LOCKOUT LESS LIKELY? NFL player agent Drew Rosenhaus in a text message about Doty's ruling said, "I think it increases the incentive for the teams/owners to get a deal done and not place the future of the NFL in the hands of the court system." Another agent said the decision is a potential game changer in the NFL labor battle. Another NFL agent, who did not want to be identified, said: "Because the owners have such overhead and they were banking on having this money, if not shifting the leverage to the players, it is certainly an equalizer." NFLPA Outside Counsel Jeffrey Kessler told SportsBusiness Journal in January that if the union won the case, it could affect whether or not the NFL locks players out. "The football fans, cities and others should hope that the players win this case," said Kessler said in January, "because if we win this case it makes the looming prospect of a lockout by the NFL less likely." Former National Labor Relations Board Chair Bill Gould agreed with that assessment. "I think that is right," Gould said of the impact on the NFL deciding to lock out. "I think it is less likely, how much more less likely, is anybody's guess," Gould said. "At a minimum, unless it is overturned on appeal, it has made the lockout more costly to owners. At a maximum, it may throw the right of owners to lock out into question." Tulane Univ. Sports Law Program Dir Gabe Feldman said, "Doty might give the players a large amount of damages, and more importantly, block the owners from getting the $4 billion, in the event there is a lockout. It gives the players more leverage clearly in that it makes it move difficult to sustain a lengthy lockout. The owners were going to be able to fall back on that $4 billion as a cushion or a war chest” (Liz Mullen, SportsBusiness Journal).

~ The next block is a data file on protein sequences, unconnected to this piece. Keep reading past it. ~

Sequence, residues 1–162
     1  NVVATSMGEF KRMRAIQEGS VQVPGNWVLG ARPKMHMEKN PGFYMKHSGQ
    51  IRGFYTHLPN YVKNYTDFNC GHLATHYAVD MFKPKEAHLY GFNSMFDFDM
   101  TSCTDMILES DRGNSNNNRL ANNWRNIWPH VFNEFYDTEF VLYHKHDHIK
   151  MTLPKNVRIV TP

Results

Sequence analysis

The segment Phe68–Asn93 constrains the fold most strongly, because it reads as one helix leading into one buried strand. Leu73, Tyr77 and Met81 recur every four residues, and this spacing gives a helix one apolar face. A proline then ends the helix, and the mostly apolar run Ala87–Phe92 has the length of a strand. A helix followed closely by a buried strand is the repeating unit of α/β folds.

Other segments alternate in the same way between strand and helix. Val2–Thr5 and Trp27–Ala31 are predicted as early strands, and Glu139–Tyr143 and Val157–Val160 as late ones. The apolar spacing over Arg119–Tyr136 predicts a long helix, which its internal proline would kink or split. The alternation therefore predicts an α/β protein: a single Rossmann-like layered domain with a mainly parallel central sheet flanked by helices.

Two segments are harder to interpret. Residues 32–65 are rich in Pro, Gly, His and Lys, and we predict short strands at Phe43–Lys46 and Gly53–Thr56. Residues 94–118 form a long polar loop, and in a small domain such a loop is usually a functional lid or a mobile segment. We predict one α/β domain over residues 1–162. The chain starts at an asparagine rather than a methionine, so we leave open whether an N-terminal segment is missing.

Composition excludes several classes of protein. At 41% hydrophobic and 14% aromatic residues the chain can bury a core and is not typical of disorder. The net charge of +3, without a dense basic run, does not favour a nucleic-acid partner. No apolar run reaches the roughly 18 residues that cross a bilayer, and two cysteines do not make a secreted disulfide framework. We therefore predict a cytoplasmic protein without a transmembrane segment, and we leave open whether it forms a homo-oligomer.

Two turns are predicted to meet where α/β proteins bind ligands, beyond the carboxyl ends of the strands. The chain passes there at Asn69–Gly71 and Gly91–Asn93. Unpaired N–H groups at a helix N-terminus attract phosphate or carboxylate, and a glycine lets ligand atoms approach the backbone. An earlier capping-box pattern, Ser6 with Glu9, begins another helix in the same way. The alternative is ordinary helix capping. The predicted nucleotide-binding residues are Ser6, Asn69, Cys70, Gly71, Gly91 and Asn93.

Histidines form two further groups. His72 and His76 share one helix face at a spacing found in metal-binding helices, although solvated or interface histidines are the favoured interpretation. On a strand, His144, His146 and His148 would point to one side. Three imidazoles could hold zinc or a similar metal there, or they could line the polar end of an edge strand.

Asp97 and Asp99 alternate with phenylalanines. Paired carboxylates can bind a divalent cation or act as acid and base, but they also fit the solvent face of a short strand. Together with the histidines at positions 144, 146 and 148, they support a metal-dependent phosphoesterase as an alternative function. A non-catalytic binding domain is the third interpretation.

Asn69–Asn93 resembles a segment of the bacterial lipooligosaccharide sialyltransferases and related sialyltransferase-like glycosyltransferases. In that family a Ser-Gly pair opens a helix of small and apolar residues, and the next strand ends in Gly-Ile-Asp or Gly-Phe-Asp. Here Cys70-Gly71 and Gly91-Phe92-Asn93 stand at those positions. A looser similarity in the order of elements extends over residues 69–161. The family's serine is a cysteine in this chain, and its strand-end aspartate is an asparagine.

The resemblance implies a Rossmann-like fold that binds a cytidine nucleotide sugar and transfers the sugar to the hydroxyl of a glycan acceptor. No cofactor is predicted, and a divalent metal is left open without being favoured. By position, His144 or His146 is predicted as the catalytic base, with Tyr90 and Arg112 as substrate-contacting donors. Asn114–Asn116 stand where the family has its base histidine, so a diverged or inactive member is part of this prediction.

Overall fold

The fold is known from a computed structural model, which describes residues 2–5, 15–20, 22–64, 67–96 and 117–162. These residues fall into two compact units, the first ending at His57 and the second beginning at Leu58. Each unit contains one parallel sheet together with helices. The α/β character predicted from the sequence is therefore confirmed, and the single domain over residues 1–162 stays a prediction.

TIME TO GET IT DONE: YAHOO SPORTS' Michael Silver writes if the NFL owners "react to this judicial setback in a rational manner, they’ll lose their hardline bluster and come back to the bargaining table with a renewed sense of compromise." Conversely, once the "buzz wears off" from last night's ruling, NFLPA Exec Dir DeMaurice Smith "and his fellow negotiators should resist the temptation to gloat and instead push for a CBA that bridges the philosophical gap between the two parties." If those "reasonable and logical reactions occur when the two sides meet" this morning, "we’ll soon have an announcement from the camps that they’ve agreed to a short-term extension of the current CBA beyond March 3 -- in the expectation of finalizing a deal over the next week or two" (SPORTS.YAHOO.com, 3/2). ESPN's Andrew Brandt said Doty's decision “could focus the negotiation and push toward, at best, a resolution and perhaps even stopping the clock.” Brandt: “Roger Goodell has to look at his ownership and see if they truly want to lock out the players. DeMaurice Smith has to look at his union leadership and see if they want to pursue this path of decertification” (“SportsCenter,” ESPN, 3/1). Sports attorney David Cornwell, formerly a finalist for NFLPA Exec Dir, said that the ruling has "tactical significance." But he added, "It's highly unlikely that all of the 32 NFL owners put all of their financial eggs in a single basket of getting TV money" (USA TODAY, 3/2).